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I have a situation where there is a program which is written in c++. It is a kind of a server which you need to start first. Then from another konsole you can call the program passing commandline arguments and it does stuff. Also it provides rpc and rest based access. So you can write a rpc or rest based library to interface with the server.
So my question is, since the program can be managed using mere commandline arguments, isn't it better to use python's subprocess module and build a library (wrapper) around it? Or is there any problem with this method?
Consider another case. Say I wanted to build a GUI around any linux utility like grep which allows user to test regular expressions (like we have on websites). So isn't it easier to communicate to grep using subprocess?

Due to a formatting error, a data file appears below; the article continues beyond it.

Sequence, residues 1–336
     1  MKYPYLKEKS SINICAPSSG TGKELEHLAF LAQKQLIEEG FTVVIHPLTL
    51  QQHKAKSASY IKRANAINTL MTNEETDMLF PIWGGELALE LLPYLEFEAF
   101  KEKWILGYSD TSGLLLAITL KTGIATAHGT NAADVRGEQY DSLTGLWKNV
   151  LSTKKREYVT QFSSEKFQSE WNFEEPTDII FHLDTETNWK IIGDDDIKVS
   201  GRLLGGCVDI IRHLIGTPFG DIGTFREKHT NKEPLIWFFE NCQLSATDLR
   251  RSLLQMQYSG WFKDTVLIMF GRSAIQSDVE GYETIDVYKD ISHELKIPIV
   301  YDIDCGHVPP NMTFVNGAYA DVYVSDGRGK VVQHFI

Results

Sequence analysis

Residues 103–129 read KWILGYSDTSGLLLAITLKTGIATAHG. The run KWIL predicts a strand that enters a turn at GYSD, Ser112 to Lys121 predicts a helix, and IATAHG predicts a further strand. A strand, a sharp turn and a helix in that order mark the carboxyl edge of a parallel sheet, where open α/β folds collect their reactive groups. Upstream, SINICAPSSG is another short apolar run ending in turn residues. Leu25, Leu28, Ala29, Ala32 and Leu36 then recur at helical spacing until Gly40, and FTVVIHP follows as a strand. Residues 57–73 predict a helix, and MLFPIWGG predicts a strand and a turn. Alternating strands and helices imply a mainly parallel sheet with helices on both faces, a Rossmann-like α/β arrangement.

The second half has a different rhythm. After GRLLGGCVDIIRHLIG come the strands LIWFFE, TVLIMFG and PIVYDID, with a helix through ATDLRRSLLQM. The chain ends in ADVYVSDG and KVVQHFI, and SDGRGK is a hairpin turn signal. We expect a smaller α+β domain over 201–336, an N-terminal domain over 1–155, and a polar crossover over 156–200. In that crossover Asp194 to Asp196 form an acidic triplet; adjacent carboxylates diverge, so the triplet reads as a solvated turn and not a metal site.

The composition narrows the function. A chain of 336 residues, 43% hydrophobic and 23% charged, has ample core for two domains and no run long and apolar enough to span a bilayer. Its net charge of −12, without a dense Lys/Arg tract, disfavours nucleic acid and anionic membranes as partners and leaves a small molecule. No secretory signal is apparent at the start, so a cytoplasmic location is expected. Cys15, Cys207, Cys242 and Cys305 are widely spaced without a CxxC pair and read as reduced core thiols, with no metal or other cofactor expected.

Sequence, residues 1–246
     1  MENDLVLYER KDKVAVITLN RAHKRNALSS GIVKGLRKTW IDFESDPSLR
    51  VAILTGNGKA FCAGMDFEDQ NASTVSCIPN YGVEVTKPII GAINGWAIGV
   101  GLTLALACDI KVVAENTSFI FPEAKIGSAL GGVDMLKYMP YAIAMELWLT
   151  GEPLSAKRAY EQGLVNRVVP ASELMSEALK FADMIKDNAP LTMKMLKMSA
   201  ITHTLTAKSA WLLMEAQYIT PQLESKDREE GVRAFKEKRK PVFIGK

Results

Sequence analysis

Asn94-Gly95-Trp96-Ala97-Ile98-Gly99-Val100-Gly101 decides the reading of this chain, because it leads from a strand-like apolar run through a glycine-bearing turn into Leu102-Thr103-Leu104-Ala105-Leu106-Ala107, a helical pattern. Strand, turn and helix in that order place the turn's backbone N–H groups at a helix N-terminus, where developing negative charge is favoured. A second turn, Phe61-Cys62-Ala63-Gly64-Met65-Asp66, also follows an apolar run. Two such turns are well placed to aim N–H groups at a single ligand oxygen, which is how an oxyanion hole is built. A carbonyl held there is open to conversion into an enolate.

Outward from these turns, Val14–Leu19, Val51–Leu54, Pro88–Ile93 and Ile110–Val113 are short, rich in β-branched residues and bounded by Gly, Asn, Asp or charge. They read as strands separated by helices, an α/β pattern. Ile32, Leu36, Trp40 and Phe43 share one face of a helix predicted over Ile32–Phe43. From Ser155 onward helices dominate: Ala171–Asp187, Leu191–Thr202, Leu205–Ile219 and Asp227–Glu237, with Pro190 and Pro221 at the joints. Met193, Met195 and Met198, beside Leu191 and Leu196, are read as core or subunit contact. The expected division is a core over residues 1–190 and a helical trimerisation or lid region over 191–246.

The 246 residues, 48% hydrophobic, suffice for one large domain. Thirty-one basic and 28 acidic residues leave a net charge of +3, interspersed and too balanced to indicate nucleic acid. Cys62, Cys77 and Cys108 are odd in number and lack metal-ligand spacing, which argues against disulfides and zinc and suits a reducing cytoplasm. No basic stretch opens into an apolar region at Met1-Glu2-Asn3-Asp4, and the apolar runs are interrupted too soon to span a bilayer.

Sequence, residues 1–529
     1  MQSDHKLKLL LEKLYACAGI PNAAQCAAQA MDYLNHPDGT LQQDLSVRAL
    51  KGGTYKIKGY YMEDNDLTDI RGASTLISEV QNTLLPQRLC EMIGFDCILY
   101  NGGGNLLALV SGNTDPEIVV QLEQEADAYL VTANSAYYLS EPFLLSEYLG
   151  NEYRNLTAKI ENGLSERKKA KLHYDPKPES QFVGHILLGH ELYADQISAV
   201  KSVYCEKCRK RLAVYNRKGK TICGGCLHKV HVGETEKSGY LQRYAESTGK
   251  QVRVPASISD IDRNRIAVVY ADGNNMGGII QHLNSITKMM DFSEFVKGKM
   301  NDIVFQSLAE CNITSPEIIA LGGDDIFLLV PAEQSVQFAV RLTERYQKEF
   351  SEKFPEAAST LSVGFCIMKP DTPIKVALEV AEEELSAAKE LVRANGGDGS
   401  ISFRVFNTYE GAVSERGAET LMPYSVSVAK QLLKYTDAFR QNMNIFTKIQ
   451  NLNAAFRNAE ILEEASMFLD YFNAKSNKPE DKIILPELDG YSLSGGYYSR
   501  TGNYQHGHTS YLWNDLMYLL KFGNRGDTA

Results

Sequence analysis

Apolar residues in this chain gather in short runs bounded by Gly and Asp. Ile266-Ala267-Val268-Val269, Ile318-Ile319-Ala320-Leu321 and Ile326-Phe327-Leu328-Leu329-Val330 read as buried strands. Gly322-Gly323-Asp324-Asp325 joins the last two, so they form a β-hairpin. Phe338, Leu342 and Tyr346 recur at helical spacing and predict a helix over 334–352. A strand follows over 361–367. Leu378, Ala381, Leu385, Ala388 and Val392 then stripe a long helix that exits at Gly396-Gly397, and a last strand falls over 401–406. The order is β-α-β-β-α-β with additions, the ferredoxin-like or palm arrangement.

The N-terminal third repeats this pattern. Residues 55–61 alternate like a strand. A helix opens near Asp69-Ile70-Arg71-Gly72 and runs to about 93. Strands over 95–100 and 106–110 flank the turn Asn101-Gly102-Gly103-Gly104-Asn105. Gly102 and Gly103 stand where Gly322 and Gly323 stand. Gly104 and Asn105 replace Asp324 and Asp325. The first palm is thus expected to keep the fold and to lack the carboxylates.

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up vote 1 down vote accepted

I think I'd prefer to use any of the rpc or rest interfaces, because the results you can obtain from them are usually in a format that is easy to parse since those interfaces have been designed for machine interaction. However, a command line interface is designed for human interaction and this means that the output is easy to parse for the human eye, but not necessarily by another program that receives the output.

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Okay, I decided that I'll use RPC or REST instead of subprocess since, it allows my program to run remotely. If using RPC, is Google's protobuf suited for this? Or should I go for the normal urllib way? – kadaj Jan 28 '12 at 22:37
The best strategy in my opinion is to stick to the same technology already used on the server side. – jcollado Jan 28 '12 at 22:43

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